Auto dealers, garages and gas stations are so ubiquitous that it is hard to imagine a time when they didn’t exist. In the early days of automobiles they didn’t exist and someone had to invent them.
The Fry Brothers, Clarence and Carlton, were young entrepreneurs in Columbia. Seeing opportunities with the advent of the automobile, they set up a company and were granted a charter in May of 1910 for Fry Bros. Motor Company. However, car production and distribution were quite different in that time so the Fry Brothers had to hustle to get autos for inventory. They traveled to manufacturers and bought whatever type of car they could get from Buicks to Fords. They bought used cars too.
Realizing that people would need a place to store their cars when not in use, get repairs and need gas, The Frys established the first garage in Columbia. Others in town saw the future of autos and soon more garages were opened. Partnerships between these businesses turned into mergers and new companies emerged. That’s how the Columbia Motor & Implement Company came into being.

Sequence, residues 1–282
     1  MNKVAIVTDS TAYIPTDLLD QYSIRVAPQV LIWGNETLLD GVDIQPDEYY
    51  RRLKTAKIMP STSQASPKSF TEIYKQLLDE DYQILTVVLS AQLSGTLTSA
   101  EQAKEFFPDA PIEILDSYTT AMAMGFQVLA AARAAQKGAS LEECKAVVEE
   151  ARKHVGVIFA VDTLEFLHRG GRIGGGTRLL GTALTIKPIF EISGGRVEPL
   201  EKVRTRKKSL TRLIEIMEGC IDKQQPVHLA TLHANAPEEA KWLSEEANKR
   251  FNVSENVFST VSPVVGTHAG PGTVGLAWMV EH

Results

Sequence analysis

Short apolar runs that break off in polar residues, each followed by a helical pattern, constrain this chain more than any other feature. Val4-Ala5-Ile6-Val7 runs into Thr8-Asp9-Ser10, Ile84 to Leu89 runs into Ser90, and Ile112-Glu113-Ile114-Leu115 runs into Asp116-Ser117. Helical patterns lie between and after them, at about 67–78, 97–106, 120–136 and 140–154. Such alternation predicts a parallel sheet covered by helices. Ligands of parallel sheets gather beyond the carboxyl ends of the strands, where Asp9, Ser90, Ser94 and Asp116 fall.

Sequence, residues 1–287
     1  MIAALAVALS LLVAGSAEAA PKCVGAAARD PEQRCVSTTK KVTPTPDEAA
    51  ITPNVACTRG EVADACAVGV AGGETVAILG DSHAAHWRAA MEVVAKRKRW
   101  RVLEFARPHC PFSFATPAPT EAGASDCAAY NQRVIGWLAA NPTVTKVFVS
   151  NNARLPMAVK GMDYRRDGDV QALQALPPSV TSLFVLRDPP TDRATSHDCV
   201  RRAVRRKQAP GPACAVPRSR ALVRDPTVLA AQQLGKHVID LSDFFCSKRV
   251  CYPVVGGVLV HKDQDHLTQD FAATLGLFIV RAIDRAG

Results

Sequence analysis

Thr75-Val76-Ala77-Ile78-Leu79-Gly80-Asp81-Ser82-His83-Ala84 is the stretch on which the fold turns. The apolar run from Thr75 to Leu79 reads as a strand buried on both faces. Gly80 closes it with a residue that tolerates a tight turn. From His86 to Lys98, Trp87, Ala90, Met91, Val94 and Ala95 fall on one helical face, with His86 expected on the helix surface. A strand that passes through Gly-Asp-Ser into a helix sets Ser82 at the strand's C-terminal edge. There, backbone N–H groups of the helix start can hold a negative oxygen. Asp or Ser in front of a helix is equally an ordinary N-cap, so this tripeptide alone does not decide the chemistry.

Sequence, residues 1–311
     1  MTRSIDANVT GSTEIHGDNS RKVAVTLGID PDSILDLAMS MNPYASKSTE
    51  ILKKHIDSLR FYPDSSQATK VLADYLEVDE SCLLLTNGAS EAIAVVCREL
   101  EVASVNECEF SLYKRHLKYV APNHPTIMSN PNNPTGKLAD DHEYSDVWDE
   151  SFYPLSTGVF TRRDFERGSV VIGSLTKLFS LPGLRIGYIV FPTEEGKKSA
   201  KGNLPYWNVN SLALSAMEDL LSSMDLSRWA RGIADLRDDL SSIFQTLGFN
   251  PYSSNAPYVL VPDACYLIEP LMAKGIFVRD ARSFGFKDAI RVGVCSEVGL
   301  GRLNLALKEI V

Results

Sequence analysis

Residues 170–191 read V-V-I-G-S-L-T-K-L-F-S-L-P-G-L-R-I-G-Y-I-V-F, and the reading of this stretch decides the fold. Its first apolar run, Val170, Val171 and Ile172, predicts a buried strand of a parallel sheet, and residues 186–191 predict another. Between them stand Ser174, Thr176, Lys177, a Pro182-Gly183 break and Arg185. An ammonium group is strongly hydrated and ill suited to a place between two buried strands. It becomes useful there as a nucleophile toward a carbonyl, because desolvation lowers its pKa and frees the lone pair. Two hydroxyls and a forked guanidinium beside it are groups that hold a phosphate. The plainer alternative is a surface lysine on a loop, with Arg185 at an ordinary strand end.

The business was located on N Garden Street behind the Masonic building.
As you can see in this 1913 photo of the Columbia Motor & Implement Co. the business included more than just cars. Like I said, these guys had to hustle and that meant working on anything with a motor and bicycles too. Clarence Fry became a rep for Pope Manufacturing, makers of the Columbia bicycle and Pope-Hartford vehicles. You can see a Columbia bike in the photo in the photo. We are pretty sure the the fella with his leg on a crate is Clarence Fry. However, not too long after this photo was taken things took a turn for the worse for the Columbia Motor & Implement Co.
In August of 1913 there was a terrible fire on the North side of W 7th that destroyed 3 buildings; Evans, Maury Dry Goods (where Bleu 32 is today), and Bogatzky & Bauman. Several other businesses were affected by the blaze including the Columbia Motor & Implement Co. Turns out storing cars and gasoline in a former livery stable is not the best idea. The Fry Bros. lost several cars in the fire, but also cars they did not own that were being stored or serviced. In total 21 cars were destroyed, 4 belonging to Bell Telephone.
The Fry Bros. survived and built another garage (brick this time) on N Main and ran a Ford dealership there for many years. Later Carlton Buick was in the Fry Bros. building and today it is the home of the Columbia Police Department. We have photos of each of these as well.